First-Party Xbox Series X Exclusives Won’t be Available for a Couple of Years, Launch Titles Will Take Full Advantage of System

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Microsoft continues to discuss their future vision for Xbox as they confirm that all their games will be playable on old and newer versions of Xbox, stating that fans shouldn’t expect to see  Xbox Series X exclusives for the next two years.

Speaking with MCV in a recent interview, Head of Microsoft Studios, Matt Booty details what exactly they have in mind for Xbox, stating that the initial life-cycle of the Series X will contain cross-generation titles from their first-part studios.

“As our content comes out over the next year, two years, all of our games, sort of like PC, will play up and down that family of devices,” explains Booty, “We want to make sure that if someone invests in Xbox between now and [Series X] that they feel that they made a good investment and that we’re committed to them with content.”

Despite making titles available on current-gen Xbox One systems, Matt did state that fans can expect the Series X to be taken advantage of when it comes to all it has to offer, highlighting Halo Infinite as their big opportunity to show this.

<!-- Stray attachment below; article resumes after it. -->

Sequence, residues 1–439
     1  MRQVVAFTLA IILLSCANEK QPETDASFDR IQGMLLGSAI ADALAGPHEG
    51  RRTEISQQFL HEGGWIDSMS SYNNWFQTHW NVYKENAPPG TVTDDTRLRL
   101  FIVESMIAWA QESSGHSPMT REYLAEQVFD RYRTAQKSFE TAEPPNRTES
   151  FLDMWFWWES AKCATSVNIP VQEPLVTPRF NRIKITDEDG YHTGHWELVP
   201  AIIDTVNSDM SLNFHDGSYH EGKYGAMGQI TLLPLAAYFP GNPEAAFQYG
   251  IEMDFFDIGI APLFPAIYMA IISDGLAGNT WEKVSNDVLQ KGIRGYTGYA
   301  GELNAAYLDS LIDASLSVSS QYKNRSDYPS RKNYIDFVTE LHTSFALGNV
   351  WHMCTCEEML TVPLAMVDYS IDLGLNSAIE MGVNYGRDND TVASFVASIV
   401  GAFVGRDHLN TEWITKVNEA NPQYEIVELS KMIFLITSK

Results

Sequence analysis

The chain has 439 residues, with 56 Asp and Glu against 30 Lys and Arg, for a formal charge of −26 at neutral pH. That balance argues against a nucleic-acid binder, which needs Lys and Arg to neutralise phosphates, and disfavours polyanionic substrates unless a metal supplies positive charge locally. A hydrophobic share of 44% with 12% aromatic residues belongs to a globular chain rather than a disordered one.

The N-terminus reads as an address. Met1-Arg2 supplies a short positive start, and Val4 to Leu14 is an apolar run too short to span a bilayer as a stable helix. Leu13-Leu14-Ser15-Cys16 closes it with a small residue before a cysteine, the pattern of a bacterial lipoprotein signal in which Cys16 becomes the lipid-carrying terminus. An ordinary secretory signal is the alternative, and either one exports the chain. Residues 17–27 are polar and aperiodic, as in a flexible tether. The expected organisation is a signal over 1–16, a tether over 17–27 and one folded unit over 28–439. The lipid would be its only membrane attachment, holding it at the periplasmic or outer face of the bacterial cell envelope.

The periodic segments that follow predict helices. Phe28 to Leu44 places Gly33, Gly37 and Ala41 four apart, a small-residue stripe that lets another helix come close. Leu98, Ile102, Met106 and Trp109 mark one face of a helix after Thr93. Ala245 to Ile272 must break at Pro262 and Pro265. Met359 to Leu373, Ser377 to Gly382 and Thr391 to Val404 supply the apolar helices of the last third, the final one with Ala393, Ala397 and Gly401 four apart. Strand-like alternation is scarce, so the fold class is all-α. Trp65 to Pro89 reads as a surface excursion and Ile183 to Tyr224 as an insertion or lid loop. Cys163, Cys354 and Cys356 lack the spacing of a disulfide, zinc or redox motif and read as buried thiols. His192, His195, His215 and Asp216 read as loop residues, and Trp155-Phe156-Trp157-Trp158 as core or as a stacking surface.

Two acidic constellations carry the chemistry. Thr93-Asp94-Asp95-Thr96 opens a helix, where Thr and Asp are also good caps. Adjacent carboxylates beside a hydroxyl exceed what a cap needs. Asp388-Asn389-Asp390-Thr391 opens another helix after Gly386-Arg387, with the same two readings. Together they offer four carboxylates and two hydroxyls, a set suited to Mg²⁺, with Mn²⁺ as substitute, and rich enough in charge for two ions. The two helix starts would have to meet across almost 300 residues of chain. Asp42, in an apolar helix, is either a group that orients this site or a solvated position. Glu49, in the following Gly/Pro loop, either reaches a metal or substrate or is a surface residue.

“Our approach is to pick one or two IP that we’re going to focus on and make sure that they’re there at the launch of the console, taking advantage of all the features. And for us that’s going to be Halo Infinite, which is a big opportunity. It’s the first time in over 15 years that we’ll have a Halo title launching in sync with a new console. And that team is definitely going to be doing things to take advantage of [Series X].”

This approach is no surprise as Phil Spencer recently spoke about the Series X being the “best Xbox” they have ever created so far, saying that it’ll feature games written for generations before it, but offer far better improvements.

It’s an interesting approach, as while this may deter gamers from rushing out to buy the Series X, it does expand on the support of current-gen Xbox One for many more years to come.  Typically a start of a new generation marks the end of the current one as publishers slowly begin dropping support, though, with this more of a PC approach to how games are developed, this eliminates the idea that the new kills the old.

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